DRAMATIC SHIFT: "Unlike mutual funds, the structure of ETFs require sponsors to report holdings on a daily basis," notes John Alshefski of SEI.

In the last two decades, ETFs have grown from a tactical investment tool to a product that is firmly entrenched in the asset management landscape. By the end of 2014, U.S. ETF assets reached $2 trillion, nearly triple what they were just five years ago. Industry analysts expect this growth to continue with some projecting $5 trillion in total assets by 2020.

But growth is only part of the story. ETFs are also evolving with new product types and marketing approaches. This combination of growth and innovation is driving a whole new era in the ETF market which can best be described as ETF 2.0.

There are a number of trends driving this shift including the materialization of the active ETF market, increasing acceptance of ETFs both by investment managers and investors, new distribution channels, and a more receptive global environment.

While these trends indicate an attractive environment for new entrants in the ETF space, fund managers need to make sure they are prepared from an operational standpoint. Entering the world of ETF 2.0 will not be without a number of stumbling blocks and obstacles. Below are three of the key challenges for managers looking to get into the ETF space and suggestions for dealing with them.

MISINFORMED INVESTORS

While sophisticated and institutional investors are very familiar with ETFs and how they should be used, expansion of the market means that investors with less experience will increasingly have access to esoteric or less common ETF strategies.

Products such as leveraged and inverse ETFs, which were initially designed for institutional investors, are now widely available, leading to a potential for misuse with those without a proper understanding of how they work. Additionally, there are a number of misconceptions that exist among certain segments of the investing population that could potentially lead to problems for managers.

For instance, some investors consider failed trades and tracking error as an area of great concern. However, neither poses a significant risk and the former is based on a misunderstanding of how ETFs operate.

The onus is on fund sponsors to ensure that investors are properly educated on how to use evolving ETF products. Marketing efforts should place a heavy emphasis on providing educational information to investors and intermediaries. This is especially true if sponsors plan to expand into new international markets that do not have well-established channels of retail distribution.

DATA DELUGE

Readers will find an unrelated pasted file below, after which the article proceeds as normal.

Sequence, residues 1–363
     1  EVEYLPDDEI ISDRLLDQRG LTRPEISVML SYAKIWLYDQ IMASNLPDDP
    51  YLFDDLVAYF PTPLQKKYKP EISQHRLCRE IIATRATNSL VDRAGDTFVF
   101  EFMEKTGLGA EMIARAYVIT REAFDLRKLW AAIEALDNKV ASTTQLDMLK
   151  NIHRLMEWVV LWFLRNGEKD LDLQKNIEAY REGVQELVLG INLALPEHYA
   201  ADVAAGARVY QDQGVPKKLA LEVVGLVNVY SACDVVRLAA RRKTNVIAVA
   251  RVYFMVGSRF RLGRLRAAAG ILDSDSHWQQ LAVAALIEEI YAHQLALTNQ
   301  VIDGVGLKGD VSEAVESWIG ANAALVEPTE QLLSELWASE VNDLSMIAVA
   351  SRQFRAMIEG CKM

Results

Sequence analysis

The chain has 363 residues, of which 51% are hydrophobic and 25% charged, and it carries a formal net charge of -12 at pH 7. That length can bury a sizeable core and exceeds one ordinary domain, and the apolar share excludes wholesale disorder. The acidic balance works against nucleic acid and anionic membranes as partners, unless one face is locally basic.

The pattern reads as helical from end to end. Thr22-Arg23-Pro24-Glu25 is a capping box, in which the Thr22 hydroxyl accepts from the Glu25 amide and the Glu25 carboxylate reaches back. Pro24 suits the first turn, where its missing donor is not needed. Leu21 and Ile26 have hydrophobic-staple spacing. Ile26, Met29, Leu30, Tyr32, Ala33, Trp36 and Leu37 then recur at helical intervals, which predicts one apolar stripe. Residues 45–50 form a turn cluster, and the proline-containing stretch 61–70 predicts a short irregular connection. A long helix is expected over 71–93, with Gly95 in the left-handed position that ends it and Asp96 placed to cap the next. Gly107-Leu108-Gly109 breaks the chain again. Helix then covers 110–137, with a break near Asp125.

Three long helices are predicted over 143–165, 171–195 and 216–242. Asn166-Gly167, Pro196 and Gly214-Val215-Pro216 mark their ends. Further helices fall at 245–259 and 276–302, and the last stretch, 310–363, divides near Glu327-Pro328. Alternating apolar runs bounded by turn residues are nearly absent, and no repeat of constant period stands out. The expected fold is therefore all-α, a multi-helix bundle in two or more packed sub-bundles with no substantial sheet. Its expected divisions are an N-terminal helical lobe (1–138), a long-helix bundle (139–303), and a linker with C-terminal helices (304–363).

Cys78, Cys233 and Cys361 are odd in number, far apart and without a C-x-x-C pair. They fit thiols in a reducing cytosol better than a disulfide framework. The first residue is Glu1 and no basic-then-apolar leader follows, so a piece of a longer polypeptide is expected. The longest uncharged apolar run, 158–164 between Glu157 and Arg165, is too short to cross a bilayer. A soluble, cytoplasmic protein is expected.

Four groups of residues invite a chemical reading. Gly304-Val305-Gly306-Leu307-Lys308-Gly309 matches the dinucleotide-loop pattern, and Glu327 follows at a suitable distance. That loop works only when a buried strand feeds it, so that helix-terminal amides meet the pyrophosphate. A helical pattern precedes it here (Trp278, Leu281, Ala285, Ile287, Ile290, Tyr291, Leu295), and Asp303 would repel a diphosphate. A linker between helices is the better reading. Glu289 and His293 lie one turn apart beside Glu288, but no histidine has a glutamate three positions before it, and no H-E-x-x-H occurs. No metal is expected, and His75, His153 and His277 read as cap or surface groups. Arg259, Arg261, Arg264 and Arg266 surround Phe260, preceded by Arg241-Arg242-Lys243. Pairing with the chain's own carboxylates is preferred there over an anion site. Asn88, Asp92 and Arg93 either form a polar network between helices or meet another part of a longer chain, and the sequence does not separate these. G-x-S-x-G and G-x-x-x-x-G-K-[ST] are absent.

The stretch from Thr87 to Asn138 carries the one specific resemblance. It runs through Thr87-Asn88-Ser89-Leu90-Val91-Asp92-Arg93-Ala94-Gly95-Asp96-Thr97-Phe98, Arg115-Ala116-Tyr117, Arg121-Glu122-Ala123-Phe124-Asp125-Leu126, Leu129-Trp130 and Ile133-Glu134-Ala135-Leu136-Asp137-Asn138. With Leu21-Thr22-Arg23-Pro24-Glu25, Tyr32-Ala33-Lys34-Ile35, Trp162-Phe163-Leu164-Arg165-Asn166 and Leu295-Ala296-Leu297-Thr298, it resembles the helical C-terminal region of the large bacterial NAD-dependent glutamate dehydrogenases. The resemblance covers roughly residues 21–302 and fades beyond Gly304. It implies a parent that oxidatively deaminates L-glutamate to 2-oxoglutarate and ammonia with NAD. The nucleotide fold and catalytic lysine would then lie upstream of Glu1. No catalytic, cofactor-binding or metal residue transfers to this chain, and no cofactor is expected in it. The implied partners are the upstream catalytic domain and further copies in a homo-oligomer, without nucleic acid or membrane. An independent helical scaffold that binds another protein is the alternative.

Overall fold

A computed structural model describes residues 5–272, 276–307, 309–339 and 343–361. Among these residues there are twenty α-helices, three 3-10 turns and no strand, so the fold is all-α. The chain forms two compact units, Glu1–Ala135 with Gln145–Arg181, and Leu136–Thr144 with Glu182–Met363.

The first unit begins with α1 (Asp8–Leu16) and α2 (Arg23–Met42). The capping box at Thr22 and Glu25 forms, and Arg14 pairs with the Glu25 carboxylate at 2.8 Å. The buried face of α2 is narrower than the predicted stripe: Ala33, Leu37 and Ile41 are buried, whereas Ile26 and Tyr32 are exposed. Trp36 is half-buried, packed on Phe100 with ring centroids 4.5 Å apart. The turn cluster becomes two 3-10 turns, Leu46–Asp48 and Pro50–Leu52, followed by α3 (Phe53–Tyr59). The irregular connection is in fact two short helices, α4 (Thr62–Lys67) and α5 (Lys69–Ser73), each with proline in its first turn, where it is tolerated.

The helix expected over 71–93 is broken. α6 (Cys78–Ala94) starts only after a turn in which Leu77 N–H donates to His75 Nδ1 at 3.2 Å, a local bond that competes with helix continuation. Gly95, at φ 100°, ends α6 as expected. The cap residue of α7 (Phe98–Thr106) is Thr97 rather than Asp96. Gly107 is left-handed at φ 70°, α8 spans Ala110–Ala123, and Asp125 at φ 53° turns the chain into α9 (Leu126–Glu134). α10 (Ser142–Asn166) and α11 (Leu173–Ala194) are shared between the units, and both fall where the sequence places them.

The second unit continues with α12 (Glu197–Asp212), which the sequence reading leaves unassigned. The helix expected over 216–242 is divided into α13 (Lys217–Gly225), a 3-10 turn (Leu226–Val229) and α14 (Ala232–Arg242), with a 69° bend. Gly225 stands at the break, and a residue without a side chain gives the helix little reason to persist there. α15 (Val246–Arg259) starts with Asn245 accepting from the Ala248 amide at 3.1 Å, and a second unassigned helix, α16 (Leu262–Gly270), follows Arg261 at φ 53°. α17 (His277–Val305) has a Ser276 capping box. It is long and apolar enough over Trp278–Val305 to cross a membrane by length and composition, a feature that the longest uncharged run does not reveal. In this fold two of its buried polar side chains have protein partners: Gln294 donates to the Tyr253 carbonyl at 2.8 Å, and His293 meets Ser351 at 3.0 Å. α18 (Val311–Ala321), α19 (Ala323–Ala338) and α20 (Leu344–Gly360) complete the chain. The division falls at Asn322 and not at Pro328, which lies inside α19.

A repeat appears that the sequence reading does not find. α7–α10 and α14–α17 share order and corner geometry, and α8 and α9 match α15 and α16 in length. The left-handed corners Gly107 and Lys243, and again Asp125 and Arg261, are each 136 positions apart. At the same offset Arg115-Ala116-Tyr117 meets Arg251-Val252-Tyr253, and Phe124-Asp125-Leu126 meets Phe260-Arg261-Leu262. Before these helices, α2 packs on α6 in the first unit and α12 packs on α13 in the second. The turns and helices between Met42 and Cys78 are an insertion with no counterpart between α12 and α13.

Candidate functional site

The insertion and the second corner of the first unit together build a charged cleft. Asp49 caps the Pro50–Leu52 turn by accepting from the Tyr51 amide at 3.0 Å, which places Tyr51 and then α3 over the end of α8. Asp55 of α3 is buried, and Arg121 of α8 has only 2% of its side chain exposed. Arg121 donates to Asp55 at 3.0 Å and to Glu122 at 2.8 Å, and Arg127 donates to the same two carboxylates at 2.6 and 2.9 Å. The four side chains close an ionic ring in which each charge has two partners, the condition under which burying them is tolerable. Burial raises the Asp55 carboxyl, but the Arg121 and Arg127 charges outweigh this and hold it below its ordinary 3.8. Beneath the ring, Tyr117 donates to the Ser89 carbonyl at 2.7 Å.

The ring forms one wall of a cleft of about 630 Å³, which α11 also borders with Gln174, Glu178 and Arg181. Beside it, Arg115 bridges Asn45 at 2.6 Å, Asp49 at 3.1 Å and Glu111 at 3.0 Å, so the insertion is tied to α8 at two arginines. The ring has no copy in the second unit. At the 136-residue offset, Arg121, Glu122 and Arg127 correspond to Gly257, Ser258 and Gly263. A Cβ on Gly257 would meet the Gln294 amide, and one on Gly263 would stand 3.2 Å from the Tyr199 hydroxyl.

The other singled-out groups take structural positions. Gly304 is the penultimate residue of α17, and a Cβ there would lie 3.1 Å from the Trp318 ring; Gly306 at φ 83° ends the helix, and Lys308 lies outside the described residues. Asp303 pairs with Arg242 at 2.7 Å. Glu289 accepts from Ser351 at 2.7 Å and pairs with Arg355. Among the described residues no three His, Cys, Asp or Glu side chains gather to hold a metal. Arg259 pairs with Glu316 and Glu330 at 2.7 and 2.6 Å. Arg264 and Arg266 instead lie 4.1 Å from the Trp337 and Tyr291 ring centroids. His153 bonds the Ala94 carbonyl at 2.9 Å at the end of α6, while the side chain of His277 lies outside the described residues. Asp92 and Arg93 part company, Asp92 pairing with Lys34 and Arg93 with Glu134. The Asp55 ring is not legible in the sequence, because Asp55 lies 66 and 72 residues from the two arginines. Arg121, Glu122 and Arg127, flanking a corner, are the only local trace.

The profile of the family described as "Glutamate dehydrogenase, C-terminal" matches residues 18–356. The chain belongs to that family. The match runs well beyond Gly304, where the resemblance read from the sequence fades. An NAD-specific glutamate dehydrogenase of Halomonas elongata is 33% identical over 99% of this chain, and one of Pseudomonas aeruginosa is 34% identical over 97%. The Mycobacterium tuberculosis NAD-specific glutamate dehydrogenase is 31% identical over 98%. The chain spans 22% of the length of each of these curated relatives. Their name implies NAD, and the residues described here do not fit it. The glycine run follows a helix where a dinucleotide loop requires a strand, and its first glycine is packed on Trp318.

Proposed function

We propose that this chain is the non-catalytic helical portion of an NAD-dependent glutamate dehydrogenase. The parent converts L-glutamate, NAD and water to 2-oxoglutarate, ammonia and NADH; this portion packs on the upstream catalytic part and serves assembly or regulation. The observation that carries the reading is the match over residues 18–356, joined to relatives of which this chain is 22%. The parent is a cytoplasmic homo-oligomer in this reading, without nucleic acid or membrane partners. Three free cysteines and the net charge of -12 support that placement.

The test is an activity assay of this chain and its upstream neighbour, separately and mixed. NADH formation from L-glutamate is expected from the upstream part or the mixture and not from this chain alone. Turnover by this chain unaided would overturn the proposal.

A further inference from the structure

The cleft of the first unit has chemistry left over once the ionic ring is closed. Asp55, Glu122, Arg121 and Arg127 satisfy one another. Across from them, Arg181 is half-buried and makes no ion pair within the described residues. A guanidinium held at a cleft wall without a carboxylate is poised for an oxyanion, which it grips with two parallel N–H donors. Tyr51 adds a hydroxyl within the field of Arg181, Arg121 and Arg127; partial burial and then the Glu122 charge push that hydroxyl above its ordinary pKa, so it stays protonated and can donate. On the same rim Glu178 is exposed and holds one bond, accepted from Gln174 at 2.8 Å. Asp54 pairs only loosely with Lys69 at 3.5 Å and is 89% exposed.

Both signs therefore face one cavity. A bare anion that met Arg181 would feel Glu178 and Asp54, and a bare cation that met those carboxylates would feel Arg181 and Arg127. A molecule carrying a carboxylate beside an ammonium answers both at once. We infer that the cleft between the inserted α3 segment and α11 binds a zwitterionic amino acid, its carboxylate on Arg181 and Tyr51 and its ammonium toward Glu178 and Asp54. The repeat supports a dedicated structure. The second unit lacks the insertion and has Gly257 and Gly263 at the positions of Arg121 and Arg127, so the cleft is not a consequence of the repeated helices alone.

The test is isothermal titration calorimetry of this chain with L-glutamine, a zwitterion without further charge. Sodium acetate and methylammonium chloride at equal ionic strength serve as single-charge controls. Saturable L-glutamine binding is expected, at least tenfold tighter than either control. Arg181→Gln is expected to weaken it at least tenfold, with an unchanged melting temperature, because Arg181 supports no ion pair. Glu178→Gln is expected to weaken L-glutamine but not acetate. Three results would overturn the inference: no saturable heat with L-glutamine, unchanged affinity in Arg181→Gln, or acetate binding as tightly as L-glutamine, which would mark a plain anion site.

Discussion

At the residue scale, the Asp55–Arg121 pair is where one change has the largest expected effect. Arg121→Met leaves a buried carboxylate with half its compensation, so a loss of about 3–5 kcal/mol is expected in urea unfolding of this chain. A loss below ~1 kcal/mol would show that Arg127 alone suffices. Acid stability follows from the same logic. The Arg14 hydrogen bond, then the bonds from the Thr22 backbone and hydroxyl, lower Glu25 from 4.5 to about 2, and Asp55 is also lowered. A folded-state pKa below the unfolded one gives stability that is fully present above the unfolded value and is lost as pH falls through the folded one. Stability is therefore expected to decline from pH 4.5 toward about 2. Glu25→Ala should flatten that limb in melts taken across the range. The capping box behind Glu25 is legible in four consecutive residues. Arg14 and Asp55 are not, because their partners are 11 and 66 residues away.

Unlike mutual funds, which only have to report holdings quarterly, the structure of ETFs require sponsors to report holdings on a daily basis.

This is a dramatic shift for most managers. As an additional challenge, when authorized participants want to create or redeem units of an ETF, they are typically delivering or receiving securities in-kind. In-kind purchases and redemptions are rare in traditional mutual funds and may take weeks to process.

For ETFs, these transactions are a daily occurrence. Inaccurate daily reporting of holdings is not only problematic from a compliance perspective, it will also frustrate market makers and authorized participants. If that were to happen, it can lead to cascading effects including widening spreads and higher transaction costs.

For sponsors entering the ETF market coming from mutual fund backgrounds, it is essential that they have an operating platform that can support the significant changes that come with the new structure. They need to be able to aggregate and distribute data that meets the needs of portfolio managers, risk officers and compliance professionals.

ETFs also present unique distribution challenges, and new entrants need to adapt to the presence of market makers and authorized participants. To succeed in the long-term, managers need an operating infrastructure tailored to ETFs' complex daily operational demands.

MORE PRODUCTS

Having an operational platform that can handle the current challenges is not enough. ETF 3.0 is right around the corner and managers must be ready for the operational complexities of the next generation of products and innovations. As the ETF market rapidly evolves with new products such as active ETFs, it's critical to have an operating platform that can smoothly handle the order-taking, daily accounting and basket data capabilities.

Managers need an adaptable and scalable operating platform that is nimble enough to handle new products as they are introduced to the market. This can best be achieved by having an open architecture operational infrastructure.

In the coming years, the ETF market will continue to evolve. Sponsors who are operationally adept and can identify and address the challenges that come with the ETF 2.0 landscape will be in much better position to succeed as the industry progresses into the world of ETF 3.0.

John Alshefski is senior vice president and managing director of SEI's Investment Management Services Division.

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